2003 Subaru Outback

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$18,895

starting MSRP

2003 Subaru Outback

Key specs

Base trim shown

Overview

6 trims

Starting msrp listed lowest to highest price

Wondering which trim is right for you?

Our 2003 Subaru Outback trim comparison will help you decide.

2003 Subaru Outback review: Our expert's take

By

The verdict:

Versus the competiton:

Some circles should be broken. The Subaru H6-3.0 Outback sedan is proof. It is the unfortunate progeny of a trend in which cars became pickup trucks in the manner of the 1959 Chevrolet El Camino — then pickup trucks became sport-utility vehicles, SUVs became hybrid wagon/truck/minivans and hybrid wagon/truck/minivans became sedans.

In the case of the H6-3.0 Outback sedan, both the tested 2002 and slightly changed 2003 version, the result is an ugly car that rides like a truck.

I can put it no other way.

The car is ugly, square, confused, stylistically injured. Its face says SUV. Its side panels, including its egregious lower-body cladding, say pickup truck. Its boxy rear end bespeaks the severest form of automotive celibacy. I wish that Subaru had left this one alone, had left it as God intended it to be — a wagon/SUV with modest off-road and excellent all-weather driving capabilities.

The Outback was and remains desirable as a wagon/SUV. In that form, it has commodious cargo volume, up to 34.3 cubic feet, compared with a relatively paltry 12.4 cubic feet for the sedan. Its 7.9-inch ground clearance befits its standing and handling as an all-wheel-drive wagon/SUV. That means you expect it to dip and sway a bit in the curves.

But the identical ground clearance in the sedan version can get you into trouble if you take a curve too fast. The acceptable dip and sway in the wagon/SUV threatens to become a dip-sway-skid in the 2002 sedan, for example. Subaru is apparently aware of this, because the company is using new front struts with internal rebound springs to help reduce body roll in the 2003 model.

It truly pains me to write these things. Regular readers of this column know that I like Subaru and have often hailed its many virtues. But the simple fact is that the H6-3.0 Outback sedan is disappointing. It’s like watching an A student turn into a dropout candidate. In such a circumstance, the shocked observer must grab any straw of hope available. Luckily, the H6-3.0 Outback sedan has more than a few.

The engine is the soul of any car, and the Outback sedan, in that regard, has a very good soul. It is a 3-liter (thus the “3.0” part of the car’s name), horizontally opposed (thus the “H”), 24-valve six-cylinder engine that produces 212 horsepower at 6,000 revolutions per minute and 210 pound-feet of torque at 4,400 rpm. Power delivery is smooth. The car has no trouble accelerating when it must.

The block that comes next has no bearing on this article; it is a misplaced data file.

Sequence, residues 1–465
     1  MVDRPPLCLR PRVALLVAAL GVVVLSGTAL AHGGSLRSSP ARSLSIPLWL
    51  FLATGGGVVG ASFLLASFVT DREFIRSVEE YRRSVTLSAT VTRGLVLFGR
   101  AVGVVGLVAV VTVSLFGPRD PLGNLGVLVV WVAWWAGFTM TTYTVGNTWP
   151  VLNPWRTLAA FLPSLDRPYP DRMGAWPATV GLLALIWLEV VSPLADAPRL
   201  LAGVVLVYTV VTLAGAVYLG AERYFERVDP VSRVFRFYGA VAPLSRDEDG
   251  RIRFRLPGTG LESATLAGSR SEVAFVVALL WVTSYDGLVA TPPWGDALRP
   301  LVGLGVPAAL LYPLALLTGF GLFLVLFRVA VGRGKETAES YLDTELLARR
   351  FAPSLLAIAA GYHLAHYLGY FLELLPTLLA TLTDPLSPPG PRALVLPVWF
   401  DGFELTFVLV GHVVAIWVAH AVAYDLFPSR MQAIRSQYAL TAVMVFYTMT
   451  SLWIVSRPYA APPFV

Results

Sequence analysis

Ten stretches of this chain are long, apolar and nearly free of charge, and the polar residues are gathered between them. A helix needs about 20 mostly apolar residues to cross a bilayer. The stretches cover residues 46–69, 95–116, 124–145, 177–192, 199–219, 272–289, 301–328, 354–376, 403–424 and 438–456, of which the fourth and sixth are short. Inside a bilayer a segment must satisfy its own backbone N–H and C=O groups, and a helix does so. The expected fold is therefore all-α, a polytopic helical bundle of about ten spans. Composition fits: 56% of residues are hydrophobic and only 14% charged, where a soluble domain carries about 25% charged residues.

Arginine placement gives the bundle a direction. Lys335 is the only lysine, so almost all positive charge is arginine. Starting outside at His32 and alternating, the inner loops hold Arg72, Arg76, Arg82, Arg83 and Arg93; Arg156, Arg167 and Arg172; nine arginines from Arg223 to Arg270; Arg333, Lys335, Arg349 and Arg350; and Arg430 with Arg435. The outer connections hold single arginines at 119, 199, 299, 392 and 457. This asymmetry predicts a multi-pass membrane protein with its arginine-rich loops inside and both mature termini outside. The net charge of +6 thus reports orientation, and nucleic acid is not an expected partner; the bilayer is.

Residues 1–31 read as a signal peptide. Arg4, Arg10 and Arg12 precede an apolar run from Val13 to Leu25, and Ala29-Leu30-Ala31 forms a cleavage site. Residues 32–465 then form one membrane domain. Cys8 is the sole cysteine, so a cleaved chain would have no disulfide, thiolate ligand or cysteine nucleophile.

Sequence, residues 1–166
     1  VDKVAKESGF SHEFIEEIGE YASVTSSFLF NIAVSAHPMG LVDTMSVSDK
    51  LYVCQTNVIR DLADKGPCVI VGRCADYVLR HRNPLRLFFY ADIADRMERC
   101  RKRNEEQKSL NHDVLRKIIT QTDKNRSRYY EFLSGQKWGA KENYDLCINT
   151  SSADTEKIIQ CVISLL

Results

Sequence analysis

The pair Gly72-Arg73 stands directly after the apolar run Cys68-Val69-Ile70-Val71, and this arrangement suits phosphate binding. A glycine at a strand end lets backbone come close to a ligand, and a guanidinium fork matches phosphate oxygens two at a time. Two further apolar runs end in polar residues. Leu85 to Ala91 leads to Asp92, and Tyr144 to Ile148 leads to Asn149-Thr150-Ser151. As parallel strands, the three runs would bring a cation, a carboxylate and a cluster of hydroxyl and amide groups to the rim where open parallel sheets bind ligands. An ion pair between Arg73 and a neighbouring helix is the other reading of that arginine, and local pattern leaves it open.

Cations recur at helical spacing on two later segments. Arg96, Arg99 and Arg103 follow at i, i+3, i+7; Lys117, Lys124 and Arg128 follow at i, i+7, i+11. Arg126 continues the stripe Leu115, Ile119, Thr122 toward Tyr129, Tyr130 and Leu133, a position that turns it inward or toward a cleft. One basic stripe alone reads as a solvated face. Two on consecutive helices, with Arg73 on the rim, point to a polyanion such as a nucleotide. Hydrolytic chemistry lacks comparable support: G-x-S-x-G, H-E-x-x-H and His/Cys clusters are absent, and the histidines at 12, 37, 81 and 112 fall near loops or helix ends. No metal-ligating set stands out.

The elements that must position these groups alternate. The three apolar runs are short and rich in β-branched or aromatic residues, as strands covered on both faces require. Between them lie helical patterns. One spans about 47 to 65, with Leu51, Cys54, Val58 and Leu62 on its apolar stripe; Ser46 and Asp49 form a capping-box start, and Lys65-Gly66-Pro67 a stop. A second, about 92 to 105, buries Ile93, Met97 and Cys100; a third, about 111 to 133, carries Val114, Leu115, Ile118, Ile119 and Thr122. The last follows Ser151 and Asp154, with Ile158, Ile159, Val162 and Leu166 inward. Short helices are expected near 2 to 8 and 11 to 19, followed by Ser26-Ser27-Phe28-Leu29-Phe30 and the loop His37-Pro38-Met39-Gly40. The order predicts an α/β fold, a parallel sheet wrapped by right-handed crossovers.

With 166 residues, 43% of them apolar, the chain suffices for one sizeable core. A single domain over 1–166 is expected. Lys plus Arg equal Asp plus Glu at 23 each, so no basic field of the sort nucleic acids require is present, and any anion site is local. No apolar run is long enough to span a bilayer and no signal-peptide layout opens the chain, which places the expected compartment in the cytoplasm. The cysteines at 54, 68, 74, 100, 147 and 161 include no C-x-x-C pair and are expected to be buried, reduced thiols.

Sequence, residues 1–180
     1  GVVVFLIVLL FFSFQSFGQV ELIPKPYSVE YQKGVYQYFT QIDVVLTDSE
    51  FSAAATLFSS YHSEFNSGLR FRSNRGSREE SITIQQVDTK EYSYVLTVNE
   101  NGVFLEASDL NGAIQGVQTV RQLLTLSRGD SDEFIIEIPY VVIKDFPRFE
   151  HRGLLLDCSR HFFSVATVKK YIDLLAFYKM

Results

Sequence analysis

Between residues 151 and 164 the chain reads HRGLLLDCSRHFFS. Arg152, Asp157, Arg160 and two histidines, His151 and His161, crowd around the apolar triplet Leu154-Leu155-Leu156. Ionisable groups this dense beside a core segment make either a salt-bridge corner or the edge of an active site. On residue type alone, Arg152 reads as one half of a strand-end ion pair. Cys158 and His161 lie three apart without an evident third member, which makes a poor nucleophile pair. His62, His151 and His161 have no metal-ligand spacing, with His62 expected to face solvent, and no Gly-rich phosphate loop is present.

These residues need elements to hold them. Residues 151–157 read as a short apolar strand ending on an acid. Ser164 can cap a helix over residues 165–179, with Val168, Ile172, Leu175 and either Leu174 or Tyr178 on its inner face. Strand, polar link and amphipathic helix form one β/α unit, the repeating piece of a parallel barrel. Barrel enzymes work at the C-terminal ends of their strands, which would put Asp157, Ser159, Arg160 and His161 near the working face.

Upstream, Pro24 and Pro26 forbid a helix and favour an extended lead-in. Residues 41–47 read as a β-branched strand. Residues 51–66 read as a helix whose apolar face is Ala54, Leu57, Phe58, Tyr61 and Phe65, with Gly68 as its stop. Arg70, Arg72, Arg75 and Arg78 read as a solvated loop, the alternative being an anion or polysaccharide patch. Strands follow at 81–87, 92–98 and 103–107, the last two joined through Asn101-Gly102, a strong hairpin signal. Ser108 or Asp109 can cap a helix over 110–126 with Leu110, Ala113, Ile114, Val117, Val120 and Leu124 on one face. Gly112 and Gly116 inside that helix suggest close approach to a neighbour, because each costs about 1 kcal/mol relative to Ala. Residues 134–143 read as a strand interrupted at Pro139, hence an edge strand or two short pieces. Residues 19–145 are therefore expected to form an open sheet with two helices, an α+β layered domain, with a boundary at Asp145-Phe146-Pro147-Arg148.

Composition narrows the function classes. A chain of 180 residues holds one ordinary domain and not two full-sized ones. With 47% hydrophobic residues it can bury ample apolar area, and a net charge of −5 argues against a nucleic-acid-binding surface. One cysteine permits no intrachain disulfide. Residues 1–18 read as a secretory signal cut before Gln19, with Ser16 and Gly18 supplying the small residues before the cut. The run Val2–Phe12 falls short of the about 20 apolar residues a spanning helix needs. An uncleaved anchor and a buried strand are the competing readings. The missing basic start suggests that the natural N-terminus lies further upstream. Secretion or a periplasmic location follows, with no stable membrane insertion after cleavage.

Also, Subaru’s all-wheel-drive system remains the best in the business, and it does not lose that distinction in the Outback sedan. I ran into very little rain during my week in the 2002 H6-3.0 Outback. But a little rain on a highway packed with months of grease and grime can be a very dangerous thing. Just enough water falls to mix with the oil and dirt and bring the slippery mess to the surface, turning the affected highway into a skid pad. When that hap pened on one of my Outback sedan drives, I was happy to be in the car, which suddenly seemed beautiful. The all-wheel-drive system, effortlessly shifting power from slipping to gripping wheels, worked perfectly.

The Outback sedan can be saved. Subaru only needs to do to the car’s body and its corner-handling characteristics what it’s done to its soul.

Consumer reviews

Rating breakdown (out of 5):
  • Comfort 4.3
  • Interior design 4.4
  • Performance 4.3
  • Value for the money 4.3
  • Exterior styling 4.2
  • Reliability 4.4

Most recent consumer reviews

3.9

Expectation

I say this car is very nice mine has 283,000 miles and still wants to run but the only issue is 02 sensor but even with that problem man it's still one hell of a vehicle

4.7

Ridiculously reliable

It turns 17 years old this year and has been amazingly reliable. Granted it only has 97,000 miles, but I'm still very pleased with the minimal repairs I've had to do on it: an exhaust sensor went up, had to replace the speakers, a CVT joint needed replacing, and something regarding a spark plug. The only persistent problem I have is the bulb in the left headlight likes to burn out more frequently than it should.

5.0

Very Reliable - just flipped 250,000

Excellent value. Subaru service is excellent, and I expect I will probably get at least another 50,000 from this wagon. This is my second outback wagon, and I use it for commuting, road trips, camping, getting around town, etc. This car has never let me down or left me stranded.

See all 31 consumer reviews

Warranty

New car and Certified Pre-Owned programs by Subaru
Certified Pre-Owned program benefits
Maximum age/mileage
5 years/80,000 miles
Basic warranty terms
Coverage available for purchase
Powertrain
7 years/100,000
Dealer certification required
152-point inspection
Roadside assistance
Yes
View all cpo program details

Have questions about warranties or CPO programs?

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